Software UX Hacks That Get Users There Faster
Update 2019: This article references a software product called “Ops Calendar”. That product has since been changed and renamed to ProcessKit. However, many of these concepts and examples are still relevant today.
Figuring out a new piece of software is always a bottleneck.
In other words: Your users aren’t trying to use your app. They’re trying to get to the result. Save time, make money, finish a job, be entertained, etc.
Start with this truth in mind and your users will thank you (hopefully with their wallets).
Most software gets in the way.
Most first-time users’ satisfaction is delayed. Most tools require tutorials, training, and setup before the user can start being productive. Most software forces you through an “onboarding wizard” or pushes customer success calls.
Onboarding material, docs and helpful support are nice-to-haves, of course. But they’re not replacements for designing truly intuitive software that users can learn and use themselves—Fast.
In other words: Help the user to leapfrog past that frustrating “onboarding” phase and skip right to the “using” phase. Help users figure out (on their own!) how to be productive with this tool as fast as possible.
That’s the guiding philosophy I’ve had when designing all of my software products—Most recently, Ops Calendar.
I made a list of my go-to user experience and user interface hacks when designing a software product.
In my video below, I show you how I put these into practice in my SaaS project, Ops Calendar. But these concepts can be applied no matter what your software helps users do.
My 7 “Go-To” Software UX Tips
In no particular order…
Don’t Dictate Useage
Some tools are so broad that they’re either too simplistic and lack features that power-users will need, or they try to please everyone and become bloated with too many features, options and buttons.
The other end of this spectrum is when a tool tries to “dictate” how users are supposed to apply this tool in their workflow. Often they make too many assumptions about individual users’ use-case.
I find WordPress falls into this trap in some areas. When you invite a user to WordPress, they give you 5 pre-defined “roles” that users could be. They even tell you what these roles are (author, editor, contributor, etc.). What if those roles don’t apply to your situation? What if you need to invite clients? What if you need to invite your compliance team? What about your VA? This doesn’t offer a lot of flexibility. Most users feel like they’re fitting people into boxes that don’t exactly suit their true “role”.
So wherever possible, I try to focus on designing the framework, but let the user decide how to put our framework to use. For example, in Ops Calendar, account owners can create their own “User Types”, then define what each user type can see, can do, and which settings they can configure.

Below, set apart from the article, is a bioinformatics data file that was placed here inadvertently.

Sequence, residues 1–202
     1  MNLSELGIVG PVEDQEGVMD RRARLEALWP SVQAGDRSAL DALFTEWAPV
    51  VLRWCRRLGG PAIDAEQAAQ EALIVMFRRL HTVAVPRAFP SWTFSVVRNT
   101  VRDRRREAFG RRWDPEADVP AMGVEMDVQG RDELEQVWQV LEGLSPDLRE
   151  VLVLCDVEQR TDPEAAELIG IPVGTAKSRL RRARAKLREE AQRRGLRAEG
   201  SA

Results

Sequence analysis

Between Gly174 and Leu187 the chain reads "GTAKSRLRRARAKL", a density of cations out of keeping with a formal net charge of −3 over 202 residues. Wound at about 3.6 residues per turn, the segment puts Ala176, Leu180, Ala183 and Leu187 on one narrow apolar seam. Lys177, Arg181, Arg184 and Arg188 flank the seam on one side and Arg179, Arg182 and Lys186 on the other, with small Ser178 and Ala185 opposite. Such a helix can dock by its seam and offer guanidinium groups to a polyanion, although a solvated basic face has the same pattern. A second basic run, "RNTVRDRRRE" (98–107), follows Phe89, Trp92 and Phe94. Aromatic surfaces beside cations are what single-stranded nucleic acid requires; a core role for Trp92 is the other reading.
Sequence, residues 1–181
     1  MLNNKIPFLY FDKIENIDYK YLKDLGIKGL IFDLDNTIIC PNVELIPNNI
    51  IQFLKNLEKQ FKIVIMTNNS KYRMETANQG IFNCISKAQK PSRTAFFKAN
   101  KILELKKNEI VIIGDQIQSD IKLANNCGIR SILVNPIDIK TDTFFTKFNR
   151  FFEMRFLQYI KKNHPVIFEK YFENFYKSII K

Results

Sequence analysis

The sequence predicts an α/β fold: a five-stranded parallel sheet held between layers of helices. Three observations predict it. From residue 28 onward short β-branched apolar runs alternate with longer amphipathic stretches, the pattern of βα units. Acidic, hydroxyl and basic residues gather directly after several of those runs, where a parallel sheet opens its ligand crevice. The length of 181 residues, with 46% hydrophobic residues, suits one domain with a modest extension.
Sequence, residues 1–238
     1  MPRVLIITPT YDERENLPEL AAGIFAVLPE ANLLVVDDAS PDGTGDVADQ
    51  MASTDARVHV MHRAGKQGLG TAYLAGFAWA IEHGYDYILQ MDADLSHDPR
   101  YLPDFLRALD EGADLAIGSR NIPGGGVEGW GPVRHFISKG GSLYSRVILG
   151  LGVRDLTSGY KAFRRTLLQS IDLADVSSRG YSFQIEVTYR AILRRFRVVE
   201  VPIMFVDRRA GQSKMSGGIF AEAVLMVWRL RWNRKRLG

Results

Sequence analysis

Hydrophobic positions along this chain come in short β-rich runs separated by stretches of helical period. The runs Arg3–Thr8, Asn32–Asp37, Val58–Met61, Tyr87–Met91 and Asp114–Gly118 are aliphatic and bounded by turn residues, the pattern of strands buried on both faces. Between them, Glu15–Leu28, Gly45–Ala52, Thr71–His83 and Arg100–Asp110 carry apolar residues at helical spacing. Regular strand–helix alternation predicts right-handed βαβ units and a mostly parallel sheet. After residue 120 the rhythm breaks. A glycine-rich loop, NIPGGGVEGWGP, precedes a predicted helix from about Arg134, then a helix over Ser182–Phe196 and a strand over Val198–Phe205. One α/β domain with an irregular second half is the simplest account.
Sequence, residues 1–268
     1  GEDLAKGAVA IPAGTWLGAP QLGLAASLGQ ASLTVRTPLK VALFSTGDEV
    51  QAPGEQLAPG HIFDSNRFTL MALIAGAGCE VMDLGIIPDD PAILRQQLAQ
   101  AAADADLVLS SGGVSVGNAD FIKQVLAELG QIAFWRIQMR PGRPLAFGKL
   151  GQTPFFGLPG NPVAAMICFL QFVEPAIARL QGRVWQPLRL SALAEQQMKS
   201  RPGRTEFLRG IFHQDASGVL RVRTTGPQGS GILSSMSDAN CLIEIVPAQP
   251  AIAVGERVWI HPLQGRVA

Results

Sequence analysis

User types interface in Ops Calendar
I follow the same model when it comes to our custom Content Types interface. Instead of dictating and assuming all users will want only “Articles” on their calendar, we provide a way to create items of any “Type”, call them anything (Podcast, Webinar, Video, Whateveryouwant), give them their own icons and components. Users can fit the tool to their personal needs and workflow.
But that sounds like it’ll require a ton of setup work, right? Well that leads me to UX hack #2…
Many tools start you off with some demo content or example project or what have you. These are useless and only get in the way. Users first task is to figure out how they clean that stuff out of their account before they can actually start using the tool how they want.
Or on the other side of this spectrum, many tools start you off with nothing. A blank screen. You can’t start working until you set up some templates, some settings, some whatevers… That’s a slow frustrating startup experience too.
My software, like most, does require a bit of initial set up. But out of the box, we pre-create all of the things you’ll need. This way, you can literally sign up, start adding things to the calendar and start getting real-world (not “pretend demo world”) results from the tool immediately.
Every new account comes with two content types pre-created (“Article” and “Note”), along with our Article Checklist Template and two user types (“Team Member” and “Client”). Since most users use Ops Calendar as a content editorial calendar, these help them get off and running for that use-case immediately.
But if someone’s use case differs a bit, all they have to do edit, duplicate, or delete what we give them. For example, if they run a Podcast instead of Blog Articles, just rename that content type. If they don’t want to invite clients, but instead invite a VA, rename that user type. Quick and easy. Keeping the momentum going.